Kin Groups and Descent. There are some thirty-six named, exogamous patrilineal clans. Many of these clans are found among other Kalenjin groups; a few originated among the Turkana. Clan histories recount the movements of people from one locale to another, emphasizing the vulnerability of humans and their dependence upon supernatural benefactors to help them overcome hunger, thirst, and, ultimately, death itself; the attributes of these benefactors are praised in poetry and song. Clans are conceptualized as "pathways" and fellow clan members as children of the same "father" or "grandfather." Although members of the same clan are dispersed geographically and are differentiated internally, they are said to hold their herds in common. Unlike some East African cattle-keeping groups, the Pokot retain their clan affiliations throughout their lives; there is no ceremony to sever clanship in the event of marriage. Genealogical reckoning tends to be shallow, reaching back three to four generations (see "Marriage").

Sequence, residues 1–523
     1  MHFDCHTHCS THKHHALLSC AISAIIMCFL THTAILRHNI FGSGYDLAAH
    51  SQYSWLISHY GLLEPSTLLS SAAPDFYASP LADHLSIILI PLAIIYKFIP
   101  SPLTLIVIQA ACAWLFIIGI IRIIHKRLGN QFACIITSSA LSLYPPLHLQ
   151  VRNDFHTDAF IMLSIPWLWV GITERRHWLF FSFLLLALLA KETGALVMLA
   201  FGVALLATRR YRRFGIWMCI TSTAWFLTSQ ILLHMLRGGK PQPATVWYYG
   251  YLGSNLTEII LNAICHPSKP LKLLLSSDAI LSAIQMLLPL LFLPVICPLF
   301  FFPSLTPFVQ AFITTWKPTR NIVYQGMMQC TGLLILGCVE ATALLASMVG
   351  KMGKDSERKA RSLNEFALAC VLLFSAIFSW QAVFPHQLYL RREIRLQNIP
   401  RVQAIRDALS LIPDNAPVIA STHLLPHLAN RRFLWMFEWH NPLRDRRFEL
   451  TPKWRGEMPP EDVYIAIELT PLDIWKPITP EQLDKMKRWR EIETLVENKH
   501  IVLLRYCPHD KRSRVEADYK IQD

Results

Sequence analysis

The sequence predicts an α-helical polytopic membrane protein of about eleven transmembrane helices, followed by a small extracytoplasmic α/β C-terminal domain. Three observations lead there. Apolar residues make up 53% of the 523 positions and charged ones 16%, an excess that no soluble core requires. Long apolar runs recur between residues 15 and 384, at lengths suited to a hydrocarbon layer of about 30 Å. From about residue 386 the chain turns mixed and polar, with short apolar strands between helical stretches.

Kinship Terminology. Relatives are differentiated according to the logic of clanship, generation, and gender. Relatives are categorized as "father's people" ( kapapo ), "mother's people" ( kamama ), and "spouse's people" ( kapikoi ). Father's people are fellow clan members and hence the source of fathers, brothers, sisters, and "aunts" (father's sisters). Mother's people are differentiated according to their relationship to "uncle" (mother's brother). Terms for spouse's people often are derived from the names of the livestock that have been exchanged to establish affinal ties. In addition, people who share the same name, marry into the same family, establish stock partnerships, or are cut by the same circumcision knife also are considered relatives.